Method does not exploit any vulnerability, uses legitimate functionality of the Mac OS X, Synack’s Wardle says.
The little LED light on Mac laptops that switches on when the webcam is in use makes it hard for attackers to spy on Mac users without alerting them to the fact. But that doesn’t mean it is impossible for someone to use the camera to secretly record video and audio anyway.
Patrick Wardle, director of research at Synack and a former NSA analyst this week described a method that attackers could use to secretly watch Mac users by piggybacking on legitimate user-initiated Skype, FaceTime or other webcam sessions.
The method does not require hackers to exploit any security vulnerabilities in the Mac OS. Neither does it involve bypassing the LED indicator. Instead, it takes advantage of the legitimate functionality of OS X to surreptitiously record video and audio from the webcam while the camera is being used by another application.
Wardle said research conducted by Synack on other “webcam-aware” OS X malware showed that it is possible to write malware capable of detecting when a Mac’s webcam is being used by another application and then ask to use the camera at the same time.
In most cases, such code would not need any specific entitlements to access the Mac OS X webcam programmatically.
“Currently, there is no publicly known malware using this technique,” Wardle says. “Rather this is a new attack or capability that malware could employ to enhance itself.”
He pointed to several malware samples that are currently available for recording Mac users via their webcam. Examples include OS X Mokes and OS X Eleanor. But none of the malware samples are capable of recording the user without turning on the LED light, which is a dead giveaway, he says.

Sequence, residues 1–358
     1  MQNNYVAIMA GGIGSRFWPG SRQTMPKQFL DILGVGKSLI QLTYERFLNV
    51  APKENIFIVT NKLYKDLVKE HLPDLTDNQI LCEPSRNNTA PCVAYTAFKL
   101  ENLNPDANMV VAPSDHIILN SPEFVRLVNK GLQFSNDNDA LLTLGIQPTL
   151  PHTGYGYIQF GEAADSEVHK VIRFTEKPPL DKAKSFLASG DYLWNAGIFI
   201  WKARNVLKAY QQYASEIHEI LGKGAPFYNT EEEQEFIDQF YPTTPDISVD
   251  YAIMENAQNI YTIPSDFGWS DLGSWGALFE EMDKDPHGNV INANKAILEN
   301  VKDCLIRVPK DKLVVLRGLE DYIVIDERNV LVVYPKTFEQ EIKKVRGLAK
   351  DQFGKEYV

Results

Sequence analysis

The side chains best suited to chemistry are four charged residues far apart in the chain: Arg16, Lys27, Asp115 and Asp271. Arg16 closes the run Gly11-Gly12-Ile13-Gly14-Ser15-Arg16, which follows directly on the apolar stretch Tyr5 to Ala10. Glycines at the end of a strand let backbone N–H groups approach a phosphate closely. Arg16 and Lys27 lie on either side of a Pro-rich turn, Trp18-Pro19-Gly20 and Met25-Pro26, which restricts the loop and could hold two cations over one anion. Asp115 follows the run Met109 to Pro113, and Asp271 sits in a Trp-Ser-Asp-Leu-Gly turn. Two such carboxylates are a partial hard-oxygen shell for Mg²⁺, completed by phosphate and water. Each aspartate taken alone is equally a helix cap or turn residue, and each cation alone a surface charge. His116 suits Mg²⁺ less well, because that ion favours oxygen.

“This new attack is a fairly simple capability that malware could add,” he says. Piggybacking on a legitimate user-initiated webcam session allows the attacker to secretly record the user without any visible indication, because the LED light would already be on.
“One might wonder what the benefit would be in recording videos that are taking place,” rather than recording targeted conversations, he says. But what’s important to remember is that when people use their webcams, they are usually discussing interesting or sensitive things. These are just the type of conversations that would be of interest to an attacker, Wardle says.
The piggybacking approach pretty much also offers the only way for an attacker to secretly record a Mac user without being noticed, he added.
“I don’t know of an easy way for malware to record off the webcam, arbitrarily, without the LED indicator light being activated,” he says. “The malware could be undetected up to this point – but if it arbitrarily starts recording and the LED indicator light goes on, that’s a huge give away, and likely will reveal the presence of the malware.”
Wardle says he has developed a tool that can help mitigate the threat to a certain extent. The tool simply alerts the user to the fact that some process or application is using the webcam and microphone. If a secondary process then hops in and tries to access or record data from the webcam, the tool will pick that up as well and alert the user, he says.
The tool gives users the option to allow or block the process that is accessing the webcam, he said.
Jai Vijayan is a seasoned technology reporter with over 20 years of experience in IT trade journalism. He was most recently a Senior Editor at Computerworld, where he covered information security and data privacy issues for the publication. Over the course of his 20-year … View Full Bio